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Reviewing the drama of health care reform 

 

Since I rely on print media, the internet and the radio for news reports, I've not seen much of the video coverage about this summer storm called "health care reform" that's been sweeping the country since July. No presidential press conferences, no Sunday morning deconstruction by elected officials or former White House staffers now serving as professors at Harvard's Kennedy School of Government, and only one video news report of the many town hall meeting shout downs across the US.

But thanks to radio--commercial and public--it's been impossible to miss the noise of it all, the yelling and the shouting. Capturing "in the moment" screaming matches on the radio seems the audio equivalent of recording a car wreck on video. It gets a lot of airplay, and every time it runs, we can't help but pay attention.

The raucousness resembles a painful-to-watch, way-off Broadway experimental theater production. As the curtain rises, the audience sees a cast of dozens, all in suits and ties, standing in several concentric circles on stage.

An actor at center stage begins speaking, and within seconds, all the other actors begin to talk as well. None of them pauses to listen to the lines spoken by the other characters. Each actor has a script that he's memorized, and that's what he's reciting from. When he gets to the end of his lines he starts again at the beginning and repeats the whole speech.

As the simultaneous talking progresses, each actor speaks louder and louder. Within minutes the volume of voices fills the theater in a deafening incomprehensible mush. If an audience member near the stage tunes in on the lines spoken by any single actor, sometimes those lines can be heard about the din, but for most of the crowd the noise is so loud that soon it's impossible for anyone in the audience to do that.

Eventually, the audience stops listening. None of the actors has been listening since the show began.

At the height of the cacophony, the stage goes black. The show is over. The lights come up, and the crowd leaves the theater for dinner or a martini. Supper conversations ensue across the city as audience members talk to their dates about what they think they just heard, or saw, and what, if anything, it all meant.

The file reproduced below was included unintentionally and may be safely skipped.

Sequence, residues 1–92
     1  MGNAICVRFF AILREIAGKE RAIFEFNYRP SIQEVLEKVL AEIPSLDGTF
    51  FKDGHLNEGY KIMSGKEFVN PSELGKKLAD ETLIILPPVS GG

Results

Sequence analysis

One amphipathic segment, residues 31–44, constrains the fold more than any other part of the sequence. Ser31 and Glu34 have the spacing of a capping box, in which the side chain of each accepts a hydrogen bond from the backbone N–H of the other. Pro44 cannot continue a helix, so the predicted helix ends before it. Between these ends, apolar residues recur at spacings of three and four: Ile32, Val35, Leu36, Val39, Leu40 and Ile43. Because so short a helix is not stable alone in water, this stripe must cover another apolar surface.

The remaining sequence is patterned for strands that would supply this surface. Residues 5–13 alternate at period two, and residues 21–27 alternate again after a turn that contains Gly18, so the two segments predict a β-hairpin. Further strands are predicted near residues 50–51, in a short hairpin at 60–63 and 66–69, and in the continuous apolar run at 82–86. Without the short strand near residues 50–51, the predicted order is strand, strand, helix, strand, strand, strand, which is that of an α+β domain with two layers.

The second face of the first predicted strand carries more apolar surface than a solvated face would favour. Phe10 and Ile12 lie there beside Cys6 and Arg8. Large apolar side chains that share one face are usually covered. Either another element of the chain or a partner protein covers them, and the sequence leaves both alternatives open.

Or maybe they just shrug and rehash the latest episode of "Mad Men."

As an audience member near the back of the theater, while I like to come across as attentive and informed, my first reaction is to stick my fingers in my ears and sing "Na na na na na na na," when these noisy news reports come on the radio--like I did in kindergarten when I heard something unpleasant.

For starters, I'm not sure about the theme of the play that we're watching. Is it "health care reform" or "health insurance reform?" These seem related, but not synonymous.

Are we talking about how to have more people live healthier lives? Or are we talking about how to continue our current way of dealing with health issues but provide ways for more people to be able to afford better care?

Kind of like talking about "home maintenance" and "home improvement loans" as if they are interchangeable. At some point, one affects the other, but they are separate problems.

Must they be addressed simultaneously? And, after accumulating decades of deferred maintenance on this health care structure, is a slap-dash repair job really the best plan?

Over the weekend I hunched over the laptop and scrolled through HR 3200, the bill rolled out in July in the House of Representatives that's called "America's Affordable Health Choices Act of 2009.''

The former bureaucrat in me was able to give it about 45 minutes of superficial scanning before I figuratively stuck my fingers in my ears and started humming.

At 1,017 pages, HR 3200 seems too lengthy. Too long to be navigable. Too long to have been put together in such a short period of time, especially given the scope of the intent of the bill, which is "To provide affordable, quality health care for all Americans and reduce the growth in health care spending, and for other purposes," according to Page 1 of the document.

But 1,017 pages also seems too short to be able to impact all the things that HR 3200 is intended to address-Medicaid and Medicare, rural health clinics, durable medical equipment, nursing homes, individual private insurance, fraud and waste reduction, nursing education, drug discounts, school clinics, small business employee coverage.

I have a few questions and a few worries. I don't have any answers and I don't know where to go for them. And I'm resigned to the likelihood that this health care "theater of the absurd" performance may be running for quite a while before anyone rewrites the script.

 

 

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Robin Wright Gunn

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Connect Today 12.03.2016

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